I Don’t Know Why I Call Her Momo

My mom says my brother and I came to a mutual agreement to call her that. We must have been young because I don’t remember the moment we knew she wasn’t a Grandma, but a Momo

I mean, I don’t know what we would have called her otherwise. Our Momo could be nothing other than Momo. So Momo she is.

Momo is a round and stern, brown woman with hair that curls perfectly around her face. (Rollers help that happen.) Her brows are two thick lines that rarely wiggle. She wears makeup only for special events, and when she does, she always goes for eyeliner in the waterline. She’s shrunken these past few years—I tower over her now when we hug—but that doesn’t change her demanding presence. Her legs have not one strand of hair on them and are quite literally as smooth as a baby’s bottom. 

For every holiday, her birthday, Christmas, Mother’s Day, Easter, you name it, my mom and I put together a gift basket of Bath and Body Works for her to use on those very legs. Without hesitation, she erupts with joy, giving me a side hug in her yellow-lit kitchen, her hand digging into my hip.

Aye, gracias, Rosita! I can bañarse finally.

But despite knowing her, or at least knowing these things about her, I feel like I don’t. 

You see, Momo and I have never had a conversation, just the two of us, back and forth.

Momo speaks Spanish and can manage only a little bit of English. I speak English and can manage only a little bit of Spanish. (Sure, Duolingo let me skip a couple of lessons, but I’m still only learning about how to talk about school. Not very helpful in trying to deeply connect with Momo.) 

When my family is all together, gathered around the table of mole and rice and beans and tea she so lovingly prepared, I mimic them. When they sit, I sit. When they eat, I eat. When they laugh, I laugh. My mom calls me out as my eyes wander, trying to find a foothold in their conversation. 

Do you know what she said?

I obviously don’t. I shake my head.

My mom explains the joke. I laugh. She laughs. We all laugh. I go back to listening. Silent.

I’ve tried to have conversations with Momo. Truly, I have. Eventually, though, she’ll say something I don’t understand. 

I so sorry. No entiendo, Momo. 

I hope she can see the shame on my face. 

Or I’ll talk too fast, excited to share my life with her, and she’ll smile blankly back at me, as if she didn’t hear a single word I said.

I sorry, Rosita. I no understand. 

She shrugs. I shrug. I give her a hug tighter than usual and leave scared she’ll pass away before she can tell me all that I’ve missed and all that I will continue to.

I don’t know Momo’s favorite color. I don’t know what her favorite subject in school was. I don’t know how she felt when she was forced to leave school by her mother. When did she leave? Does she wish she could have continued going?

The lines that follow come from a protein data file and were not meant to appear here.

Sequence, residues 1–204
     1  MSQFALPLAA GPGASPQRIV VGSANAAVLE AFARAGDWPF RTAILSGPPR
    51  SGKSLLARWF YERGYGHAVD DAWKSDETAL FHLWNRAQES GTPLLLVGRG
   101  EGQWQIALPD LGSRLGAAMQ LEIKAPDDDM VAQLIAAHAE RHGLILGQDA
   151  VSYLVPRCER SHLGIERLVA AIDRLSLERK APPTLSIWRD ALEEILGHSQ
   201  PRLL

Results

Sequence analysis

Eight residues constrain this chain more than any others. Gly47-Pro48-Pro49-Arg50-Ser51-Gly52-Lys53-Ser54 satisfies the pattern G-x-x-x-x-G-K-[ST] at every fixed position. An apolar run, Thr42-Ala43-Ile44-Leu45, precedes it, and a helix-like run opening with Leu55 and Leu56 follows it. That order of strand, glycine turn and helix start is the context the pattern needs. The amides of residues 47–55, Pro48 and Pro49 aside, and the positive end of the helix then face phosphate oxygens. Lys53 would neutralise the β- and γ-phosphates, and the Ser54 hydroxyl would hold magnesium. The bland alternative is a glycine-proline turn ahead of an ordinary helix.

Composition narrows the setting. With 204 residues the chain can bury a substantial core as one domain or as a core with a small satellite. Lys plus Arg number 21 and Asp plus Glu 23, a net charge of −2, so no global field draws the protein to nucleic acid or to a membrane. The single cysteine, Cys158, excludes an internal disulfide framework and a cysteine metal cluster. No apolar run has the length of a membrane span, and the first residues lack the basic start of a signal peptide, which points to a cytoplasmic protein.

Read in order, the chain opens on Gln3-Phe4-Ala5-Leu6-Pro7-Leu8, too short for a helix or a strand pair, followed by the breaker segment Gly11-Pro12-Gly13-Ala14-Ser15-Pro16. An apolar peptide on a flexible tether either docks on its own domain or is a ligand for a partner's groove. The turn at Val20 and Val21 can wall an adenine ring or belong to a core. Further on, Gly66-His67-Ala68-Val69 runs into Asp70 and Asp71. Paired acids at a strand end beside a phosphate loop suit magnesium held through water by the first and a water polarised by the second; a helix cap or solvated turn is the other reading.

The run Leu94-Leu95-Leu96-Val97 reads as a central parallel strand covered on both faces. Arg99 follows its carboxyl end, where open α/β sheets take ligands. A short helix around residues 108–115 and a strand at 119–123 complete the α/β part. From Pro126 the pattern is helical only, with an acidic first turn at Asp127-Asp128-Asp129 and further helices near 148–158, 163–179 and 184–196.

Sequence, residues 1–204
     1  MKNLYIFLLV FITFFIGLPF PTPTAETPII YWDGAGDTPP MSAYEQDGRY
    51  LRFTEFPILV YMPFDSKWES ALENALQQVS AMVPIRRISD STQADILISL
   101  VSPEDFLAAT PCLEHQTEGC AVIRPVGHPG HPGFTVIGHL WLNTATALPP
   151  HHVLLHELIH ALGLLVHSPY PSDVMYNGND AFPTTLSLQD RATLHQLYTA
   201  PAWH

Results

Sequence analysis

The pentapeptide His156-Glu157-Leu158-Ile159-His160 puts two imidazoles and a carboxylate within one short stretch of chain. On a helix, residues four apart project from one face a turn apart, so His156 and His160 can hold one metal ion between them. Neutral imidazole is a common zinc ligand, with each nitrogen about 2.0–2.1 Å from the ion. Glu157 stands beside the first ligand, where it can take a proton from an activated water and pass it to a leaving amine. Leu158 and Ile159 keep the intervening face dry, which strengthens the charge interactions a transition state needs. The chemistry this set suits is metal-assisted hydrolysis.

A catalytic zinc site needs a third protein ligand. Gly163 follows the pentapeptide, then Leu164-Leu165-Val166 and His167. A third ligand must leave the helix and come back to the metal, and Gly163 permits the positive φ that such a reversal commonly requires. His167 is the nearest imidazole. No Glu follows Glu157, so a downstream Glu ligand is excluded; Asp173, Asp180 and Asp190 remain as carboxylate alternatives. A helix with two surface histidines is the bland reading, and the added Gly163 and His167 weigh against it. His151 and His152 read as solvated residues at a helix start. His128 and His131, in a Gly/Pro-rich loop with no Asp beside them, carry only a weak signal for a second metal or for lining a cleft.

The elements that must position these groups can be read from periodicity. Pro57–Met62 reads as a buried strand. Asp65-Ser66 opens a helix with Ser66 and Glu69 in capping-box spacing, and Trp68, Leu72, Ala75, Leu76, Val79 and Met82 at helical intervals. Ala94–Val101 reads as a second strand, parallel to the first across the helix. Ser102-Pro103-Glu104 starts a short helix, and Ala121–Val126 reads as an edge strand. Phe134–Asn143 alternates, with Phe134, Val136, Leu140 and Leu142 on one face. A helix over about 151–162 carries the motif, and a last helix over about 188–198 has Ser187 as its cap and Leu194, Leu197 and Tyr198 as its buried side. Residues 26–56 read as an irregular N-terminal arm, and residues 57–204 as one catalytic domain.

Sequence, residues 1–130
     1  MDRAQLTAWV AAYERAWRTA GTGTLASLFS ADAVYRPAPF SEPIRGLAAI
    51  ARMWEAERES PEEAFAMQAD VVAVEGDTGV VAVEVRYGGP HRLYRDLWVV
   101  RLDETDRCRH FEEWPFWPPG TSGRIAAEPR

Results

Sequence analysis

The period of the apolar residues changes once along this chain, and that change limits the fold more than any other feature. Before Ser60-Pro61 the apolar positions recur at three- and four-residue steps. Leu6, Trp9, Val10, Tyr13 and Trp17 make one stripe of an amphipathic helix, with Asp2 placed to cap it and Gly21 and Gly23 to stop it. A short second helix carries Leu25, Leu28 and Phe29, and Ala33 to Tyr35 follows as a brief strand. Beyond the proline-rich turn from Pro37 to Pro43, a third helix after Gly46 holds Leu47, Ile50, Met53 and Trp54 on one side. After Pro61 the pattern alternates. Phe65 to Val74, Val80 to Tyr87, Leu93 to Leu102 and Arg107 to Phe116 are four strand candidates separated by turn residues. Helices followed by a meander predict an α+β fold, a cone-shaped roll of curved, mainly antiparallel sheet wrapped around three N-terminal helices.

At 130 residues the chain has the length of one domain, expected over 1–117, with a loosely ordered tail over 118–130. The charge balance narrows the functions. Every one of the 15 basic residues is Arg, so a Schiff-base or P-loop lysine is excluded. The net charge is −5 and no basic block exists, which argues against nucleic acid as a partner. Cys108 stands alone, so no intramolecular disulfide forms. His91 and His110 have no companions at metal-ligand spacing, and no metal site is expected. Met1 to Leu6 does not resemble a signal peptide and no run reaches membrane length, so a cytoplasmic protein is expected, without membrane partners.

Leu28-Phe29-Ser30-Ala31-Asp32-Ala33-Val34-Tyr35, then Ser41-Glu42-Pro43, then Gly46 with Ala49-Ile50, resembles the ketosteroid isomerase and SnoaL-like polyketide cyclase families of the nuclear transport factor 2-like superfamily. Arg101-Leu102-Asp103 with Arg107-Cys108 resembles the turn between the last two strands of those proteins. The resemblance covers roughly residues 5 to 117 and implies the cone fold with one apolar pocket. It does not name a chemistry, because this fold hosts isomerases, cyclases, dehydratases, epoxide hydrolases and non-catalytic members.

I’m not sure when she got her first period. I don’t know who was her first love. I don’t know if she misses her parents. I don’t know her story of meeting Tata. (We all know Tata’s version.) Did she know he was The One when she saw him? I don’t how she felt when she moved to the US from Mexico to have a family with him, to have a life with him.

I don’t know if she knows I feel this way. I wonder if she does too.

I do know, though, her Dairy Queen order. (A medium Turtle Pecan Cluster.) I know she hates commercials, so she’ll flip back and forth between America’s Got Talent and an NFL football game to avoid them. I know she loves a Subway sandwich. I know she won’t get in the water at the beach or really anywhere else. I know she loves blue nail polish, the color her nails always are.

I know she doesn’t cry easily, but when she does, so do I. 

I know she thinks of me late at night because she sends a variety of Bitmojis to tell me so.

I know that even though I don’t know her, if I called her right now and asked for help, she would come.

I know that when tragedy struck my family, despite my mom begging otherwise, Momo stayed with us for months. And she was the only one that did.

Momo is the only one that ever would.


  • Rose Torres

    Rose Torres is a second-year MFA candidate at LSU, with a focus in poetry and screenwriting. A graduate of the University of Texas at Austin, Rose previously worked at UT's University Writing Center, assisting undergraduate students in developing their high-order thinking, grammar, and overall voice. Her writing focuses on memorializing mundane moments and exploring how it feels to be a young Latina who has many unanswered questions. She enjoys green tea.

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